It is these latter, policymaking choices that particularly demand procedures open to the assertion of viewpoints beyond those of the applicant and the agency staff. We may take notice, for purposes of illustration only, that since this case was argued the council has been holding widely-publicized and widely-attended rulemaking hearings on the relationship between nuclear waste disposal and future construction of nuclear power plants. Under the APA, as we have said, this is the normal way to set policy standards in advance of their application in a concrete case. But it is not the only way. It is not indispensable that every standard under ORS 469.470(3) and 469.510 have been adopted in the form of a rule before the initiation of a contested case, as long as it is in fact adopted as a standard, upon notice and procedures that allow for the presentation of views and data on the issues involved, and sufficiently in advance of the final decision so that the applicant and other parties can address the import of the standard for the particular project. One way could be to conduct a rulemaking proceeding on a proposed standard, upon proper notice, along with the contested case. Another way is provided by the provision of the APA that allows an agency to admit "participants" to intervene in the contested case itself without assuming the full adversary rights and obligations of parties or the evidentiary limitations of witnesses. ORS 183.450(3). While ORS 469.380(2) provides for intervention as a "party complainant or defendant," we do not read this provision to be exclusive of the other forms of participation stated in the APA. We do not prescribe one specific *165 procedure. Where the act does not itself prescribe that standards must be rules (as it does in 469.500), the choice of procedure is left to the council to make, in the first instance through its own rules of procedure, as long as the purposes we have stated are met.[10]

The council's standards and findings

The council did purport to adopt some standards as rules in advance of its Pebble Springs proceeding. But it phrased these rules mostly as demands for information that an applicant must supply. OAR 345-25-001 to XXX-XX-XXX. In 1975, the council issued rules addressed to holders of site certificates. OAR 345-26-005 to XXX-XX-XXX. These rules are stated to carry out ORS 469.500 and 469.510. They relate to site certification under ORS 469.470 indirectly insofar as applicants must be prepared to comply with them. The parties are in disagreement about what constitutes a "standard" for purposes of the energy facility siting act and whether such standards as the council adopted have been satisfied. We consider these questions with respect to each of the council's challenged conclusions.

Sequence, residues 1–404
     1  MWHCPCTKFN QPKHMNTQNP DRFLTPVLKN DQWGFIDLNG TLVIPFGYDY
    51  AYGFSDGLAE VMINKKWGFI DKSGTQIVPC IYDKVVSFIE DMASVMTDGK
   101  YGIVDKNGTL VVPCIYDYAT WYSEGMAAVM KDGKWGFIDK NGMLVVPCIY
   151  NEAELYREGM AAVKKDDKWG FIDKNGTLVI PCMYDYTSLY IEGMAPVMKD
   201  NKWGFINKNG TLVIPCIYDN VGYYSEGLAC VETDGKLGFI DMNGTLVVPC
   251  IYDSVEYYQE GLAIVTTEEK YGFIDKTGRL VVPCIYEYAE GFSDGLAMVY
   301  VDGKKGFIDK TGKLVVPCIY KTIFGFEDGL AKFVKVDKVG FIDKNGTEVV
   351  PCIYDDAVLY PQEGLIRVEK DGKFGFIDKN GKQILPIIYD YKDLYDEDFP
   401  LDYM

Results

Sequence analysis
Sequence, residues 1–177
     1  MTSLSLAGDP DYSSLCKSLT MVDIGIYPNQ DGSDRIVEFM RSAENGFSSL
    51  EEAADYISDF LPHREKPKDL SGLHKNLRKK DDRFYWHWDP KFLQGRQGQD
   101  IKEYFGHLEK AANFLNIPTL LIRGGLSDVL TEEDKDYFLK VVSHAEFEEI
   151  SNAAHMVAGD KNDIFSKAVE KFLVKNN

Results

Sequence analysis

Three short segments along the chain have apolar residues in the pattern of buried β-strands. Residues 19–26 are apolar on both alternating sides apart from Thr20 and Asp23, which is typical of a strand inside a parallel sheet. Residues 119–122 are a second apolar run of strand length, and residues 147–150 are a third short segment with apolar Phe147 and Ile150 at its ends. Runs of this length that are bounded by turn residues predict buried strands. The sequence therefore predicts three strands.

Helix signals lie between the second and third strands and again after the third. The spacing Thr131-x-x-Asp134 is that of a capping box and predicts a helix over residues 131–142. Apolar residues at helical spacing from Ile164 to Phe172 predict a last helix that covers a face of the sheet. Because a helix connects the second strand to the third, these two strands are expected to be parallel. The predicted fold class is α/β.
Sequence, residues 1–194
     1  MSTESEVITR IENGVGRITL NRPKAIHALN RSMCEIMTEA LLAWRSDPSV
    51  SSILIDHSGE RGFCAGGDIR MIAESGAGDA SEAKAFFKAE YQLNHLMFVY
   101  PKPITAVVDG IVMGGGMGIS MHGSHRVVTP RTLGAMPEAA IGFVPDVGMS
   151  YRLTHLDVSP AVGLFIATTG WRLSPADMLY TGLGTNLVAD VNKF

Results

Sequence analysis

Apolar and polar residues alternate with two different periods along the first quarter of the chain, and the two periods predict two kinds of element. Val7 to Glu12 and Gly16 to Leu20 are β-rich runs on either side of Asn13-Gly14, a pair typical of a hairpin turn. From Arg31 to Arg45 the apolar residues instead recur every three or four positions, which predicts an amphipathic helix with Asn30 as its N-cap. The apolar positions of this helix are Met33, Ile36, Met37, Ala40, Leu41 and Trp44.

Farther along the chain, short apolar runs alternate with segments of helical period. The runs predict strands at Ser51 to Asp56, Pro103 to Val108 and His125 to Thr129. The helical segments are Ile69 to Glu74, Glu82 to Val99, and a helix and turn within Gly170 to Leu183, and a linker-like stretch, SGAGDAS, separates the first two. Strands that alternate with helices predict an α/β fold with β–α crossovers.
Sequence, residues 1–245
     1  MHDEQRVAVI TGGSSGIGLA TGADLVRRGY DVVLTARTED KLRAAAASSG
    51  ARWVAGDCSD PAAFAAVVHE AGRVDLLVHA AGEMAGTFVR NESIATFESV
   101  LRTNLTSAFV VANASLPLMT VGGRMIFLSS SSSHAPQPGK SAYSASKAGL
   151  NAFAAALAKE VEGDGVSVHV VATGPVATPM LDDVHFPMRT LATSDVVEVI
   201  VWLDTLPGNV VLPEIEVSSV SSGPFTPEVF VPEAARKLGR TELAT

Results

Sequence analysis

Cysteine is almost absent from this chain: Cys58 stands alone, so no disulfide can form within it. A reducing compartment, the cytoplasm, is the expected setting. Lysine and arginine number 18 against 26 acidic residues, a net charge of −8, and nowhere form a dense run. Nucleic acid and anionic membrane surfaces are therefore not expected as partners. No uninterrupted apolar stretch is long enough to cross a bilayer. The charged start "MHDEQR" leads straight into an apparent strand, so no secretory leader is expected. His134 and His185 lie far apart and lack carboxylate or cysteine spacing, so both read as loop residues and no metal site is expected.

1. Financial ability. This is one of the standards for applicants mandated by ORS 469.470. The council's rule on financial ability reads, in part:

"XXX-XX-XXX APPLICANT'S FINANCIAL ABILITY. The application shall provide information sufficient to demonstrate the financial qualifications of the applicant to construct and operate the plant. Such information shall show that the applicant possesses or has reasonable assurance of obtaining the funds necessary to cover estimated construction costs, operating costs for the design lifetime of the plant, including related fuel cycle costs, and the estimated costs of permanently shutting the facility down and maintaining it in a safe condition."

The rule is stated as a demand for information to be included in the application. Respondents also rely on additional such requirements as further "standards" bearing on financial ability.[11] But a demand for information does not tell an applicant, the staff representing the agency, any other party, or the hearing officer what conclusion the information is required to prove. It provides no verbal yardstick against which the evidence is to be measured. A demand for information standing alone is not a "standard."

In the council's quoted rule 345-25-047, however, the demand does not stand alone. The rule requires an applicant to show access to funds necessary to build the proposed plant, to operate it over its useful life, and to shut it down and maintain it in a safe condition. As a "standard," it is minimal and could well be made more informative.[12] But although the reference to *166 these financial requirements leaves a good deal to judgment from one project to another, it does state an initial standard of financial ability that the applicant must meet, as required by ORS 469.470.

Petitioner further challenges the absence of a finding that the applicant has the requisite financial ability. If the rule quoted above states a standard "that applicants for site certificates must meet," then an order in a contested case requires a finding of ultimate fact that the applicant has (or has not) demonstrated the financial ability to do everything required by the standard and a "statement of the underlying facts supporting the findings." ORS 183.470. Respondents try to imply such findings from phrases in two findings related to other matters and from a warranty of financial ability included in the site certificate agreement. But none of these can qualify as a finding by the council that its stated standard of financial ability has been satisfied. This is no trivial shortcoming, especially in light of the council's later motion in the Court of Appeals to remand the case on this issue.